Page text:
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Welcome!

Thank you for visiting my website and for your interest in my research.

I am currently a Postdoctoral Fellow at the University of Wisconsin-Madison in the Center for Financial Security Retirement and Disability Research Center. I received my PhD in sociology from the University of Texas at Austin in August 2019. 

 

My broader research interests include: economic disparities, education, gender inequality, work and occupations, and spatial inequality. In most of my research, I use longitudinal data to investigate the relationship between students' high school experiences and later economic outcomes. I enhance the survey data to incorporate individuals' local and occupational contexts, by linking to data from a variety of sources such as CPS, ACS, IPEDS, O*NET, and the Census.​

My dissertation, "Academic Preparation in High School and Gendered Exposure to Economic Insecurity at Midlife," used the recent High School & Beyond midlife follow-up to examine how academic preparation in high school can provide a long-run safety net for individuals in an economically precarious and financially complex society.

View my CV 

About Me

Current Research

Broadly, my work investigates the roles of education, organizations, and occupations in reproducing or disrupting labor market inequalities. Building on my dissertation research, my postdoc project investigates early psychosocial and academic predictors of retirement preparation and how the pathways vary by gender and marital status. Other current work falls under two general topics of research: (1) economic and educational inequalities tied to spatial variation in local labor market opportunities and (2) gender inequality in STEM occupations. 

 

Education and Training

During graduate school, I was a trainee and NICHD predoctoral fellow in the Population Research Center at UT-Austin. I have a BA in Political Science and History from Northwestern University, and I completed undergraduate coursework through in-residence programs at Georgetown University and Washington University in St. Louis.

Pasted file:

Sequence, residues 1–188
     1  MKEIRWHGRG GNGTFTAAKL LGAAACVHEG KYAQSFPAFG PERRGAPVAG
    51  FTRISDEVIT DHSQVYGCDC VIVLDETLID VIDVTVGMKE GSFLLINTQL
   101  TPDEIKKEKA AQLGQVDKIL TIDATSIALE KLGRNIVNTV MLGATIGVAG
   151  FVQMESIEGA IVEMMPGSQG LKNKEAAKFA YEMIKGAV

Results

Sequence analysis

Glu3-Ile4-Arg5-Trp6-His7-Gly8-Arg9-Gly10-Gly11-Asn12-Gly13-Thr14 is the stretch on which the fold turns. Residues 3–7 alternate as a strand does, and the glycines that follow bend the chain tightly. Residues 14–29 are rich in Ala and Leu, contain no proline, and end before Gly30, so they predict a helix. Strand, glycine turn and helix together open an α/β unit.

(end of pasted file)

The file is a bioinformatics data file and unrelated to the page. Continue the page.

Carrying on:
Professional Background

I hold a J.D. from Loyola University Chicago School of Law and worked as an attorney for four years prior to graduate school. My practice focused on fiduciary litigation, estate planning, and trust and estate administration (including property transfers, guardian/conservatorships, and special needs trusts). My professional experience informs my understanding of the complex financial world individuals navigate to build and maintain economic security, especially as they approach retirement.

Motivation and Perspective

My sociological perspective is rooted in my life experiences and the intellectual curiosity they fostered within me. My journey from a rural, working-class community in Missouri to an elite university made me an outlier in both places, which not only highlighted stark disparities between my college classmates and myself but also led me to wonder why I took a different path than most people from my hometown. This curiosity in the social world persisted into my career as an attorney, through my interaction with clients from different backgrounds and the gender dynamics in the legal profession. These experiences undoubtedly inform my perspective as a scholar and an educator, and I have come to view my background as an asset that enriches my research and allows me to connect with and serve as a resource for my students.

 

Curriculum Vitae

Stacks of Paper
 

Academic Preparation in High School and Gendered Exposure to
Economic Insecurity at Midlife

Abstract of Dissertation